What is in focus is that which the focus is on. I prefer on focus.
When I look at Ansel Adams' Clearing Winter storm I think "Wow, nice background!"
When I look at Ansel Adams portrait of Georgia O'Keeffe and Orville Cox I just think "Wow!"
Yeah, the subject matter is different. But, as truly good and really honestly special as the former is, it is still very much like looking out a window. The latter really gives me something to look at.
Lest you think it is purely a bias toward portraits, http://www.flickr.com/photos/vishal_mathur/2802653820/ That shot gives me something to look at and keeps my attention better than Clearing Winter Storm. As does this http://www.flickr.com/photos/8703006...in/photostream
For a photo to keep me interested, it has to give me something specific to look at or I lose interest.
Similarly, when someone says "Wow, you really nailed the focus/exposure/made a great print." It is a compliment about my skill with my tools and I do appreciate those comments. When someone says "wow great shot" and they ignore the print quality I feel I have done much better.
Ok so here's a shot that I think would be ruined if it were fully sharp http://www.flickr.com/photos/27386920@N06/3907107381 and this idea is what I think ms. Cameron was talking about.
This was helpful as it explains how you look at photographs, which I appreciate. I guess I just look at things differently. I think where we are most different on this is when you say a photo must have something specific to look at to maintain your interest.
Regarding what you said about viewer impressions, I agree. I would much rather someone just liked one of my shots (or not) rather than simply complimenting me on technical quality, sharpness etc. I include compositional tools, selective focus etc. under the heading "technical" though. Perhaps some would disagree with me on that extension.
Glad that helps Michael.
I agree that the tools of the trade are technical, part of our craft. The application/ideas they express are not though, that for me is where the art resides.
Isaac Asimov's triple pun: "Three brothers went out West to establish a cattle ranch, but couldn't think of an appropriate name for it. So they wrote to their father back East, and he replied, 'Call it Focus, for that's where the sun's rays meet.'"
I have a John Sexton print on my wall. It is all in sharp focus. I find my eye directed initially to the light colored stones in the middle of the river. But as I look closely at the image, my eye wanders and I discover additional, interesting elements. The way three trees in the background stand out, the reflection of the trees on the water and how the reflections plays with the rocks, the texture of the flowing water... This photograph works for me because once I am initially drawn into the image, I can walk around in it and make new discoveries. This image would be diminished if only the rocks emphasized by sharp focus. Likewise, I think most of JMC's images would be diminished if the were shot with a f64 aesthetic.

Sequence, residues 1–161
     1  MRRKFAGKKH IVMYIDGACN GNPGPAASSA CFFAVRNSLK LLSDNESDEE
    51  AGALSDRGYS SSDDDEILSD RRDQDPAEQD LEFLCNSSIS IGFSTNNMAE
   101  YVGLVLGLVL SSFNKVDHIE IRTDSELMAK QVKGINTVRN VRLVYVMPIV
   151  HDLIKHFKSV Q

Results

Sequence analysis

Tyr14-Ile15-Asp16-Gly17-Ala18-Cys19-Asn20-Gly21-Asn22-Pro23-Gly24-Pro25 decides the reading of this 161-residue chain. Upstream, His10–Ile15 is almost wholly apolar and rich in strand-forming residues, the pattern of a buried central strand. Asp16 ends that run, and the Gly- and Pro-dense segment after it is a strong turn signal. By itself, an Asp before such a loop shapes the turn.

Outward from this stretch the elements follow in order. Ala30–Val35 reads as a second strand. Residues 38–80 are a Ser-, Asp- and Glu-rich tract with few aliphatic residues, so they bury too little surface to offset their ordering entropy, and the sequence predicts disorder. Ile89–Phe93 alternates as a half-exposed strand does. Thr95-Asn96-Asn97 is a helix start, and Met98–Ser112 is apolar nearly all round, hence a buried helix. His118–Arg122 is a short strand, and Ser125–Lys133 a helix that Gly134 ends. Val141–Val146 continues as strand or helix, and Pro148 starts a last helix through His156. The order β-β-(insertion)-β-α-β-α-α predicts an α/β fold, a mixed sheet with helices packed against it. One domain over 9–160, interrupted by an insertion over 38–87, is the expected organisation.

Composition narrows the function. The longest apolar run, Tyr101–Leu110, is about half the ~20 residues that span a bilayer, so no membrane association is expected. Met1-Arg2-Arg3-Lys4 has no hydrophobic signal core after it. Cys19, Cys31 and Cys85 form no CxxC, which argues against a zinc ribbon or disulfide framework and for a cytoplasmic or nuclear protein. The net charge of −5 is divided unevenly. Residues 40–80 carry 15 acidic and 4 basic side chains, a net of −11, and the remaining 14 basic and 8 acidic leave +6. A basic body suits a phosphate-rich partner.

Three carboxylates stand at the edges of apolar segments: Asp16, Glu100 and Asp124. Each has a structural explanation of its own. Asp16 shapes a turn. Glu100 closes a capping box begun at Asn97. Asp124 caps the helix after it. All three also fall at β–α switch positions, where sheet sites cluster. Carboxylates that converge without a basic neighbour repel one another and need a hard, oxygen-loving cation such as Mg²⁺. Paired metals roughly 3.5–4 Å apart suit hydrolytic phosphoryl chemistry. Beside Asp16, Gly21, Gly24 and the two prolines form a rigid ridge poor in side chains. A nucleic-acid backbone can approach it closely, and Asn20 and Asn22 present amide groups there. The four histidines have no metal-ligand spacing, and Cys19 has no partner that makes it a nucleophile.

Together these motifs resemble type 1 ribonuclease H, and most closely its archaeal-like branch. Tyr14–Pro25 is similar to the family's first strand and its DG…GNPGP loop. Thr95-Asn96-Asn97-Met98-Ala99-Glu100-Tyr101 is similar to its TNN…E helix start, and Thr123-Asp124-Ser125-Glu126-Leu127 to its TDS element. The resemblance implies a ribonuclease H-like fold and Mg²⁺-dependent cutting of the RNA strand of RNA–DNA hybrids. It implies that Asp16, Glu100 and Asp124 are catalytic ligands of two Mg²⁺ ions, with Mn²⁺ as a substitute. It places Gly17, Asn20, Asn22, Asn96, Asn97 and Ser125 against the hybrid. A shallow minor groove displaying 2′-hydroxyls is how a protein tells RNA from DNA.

To me, focus is only one way to give the viewer "something specific to look at." Leading lines, light tones juxtaposed against dark, placement of the subject with in the frame, etc. are ways to direct the viewer's interest. I often find selective focus images to be one trick ponies--here's the subject, look at it, now move on. But, when used effectively, I can look at such an image for hours.
I guess tis is why art is so interesting, both viewing art and creating art.
Allen it is absolutely true that focus isn't our only tool and I'm not against all in focus subject matter
I find Karsh's portrait of O'Keefe a print that I wander into then around and eventually to even the texture of the wall. Karsh gives us detail to find but it's the bright antlers catch my eye and Georgia that keeps them interested. As I wander I get to know her and the big icons of her world but there is nothing else, nothing extraneous, in that portrait and each in focus element is intended to be there and clear as a bell. It s only where we look "outside" that we are given less detail. This is a truly formal posed/contrived/controlled portrait.
O'Keefe isn't a typical portrait sitter, IMO her wrinkles, as much as her antlers, were part of her "brand". A more typical sitter is not normally so proud of her wrinkles.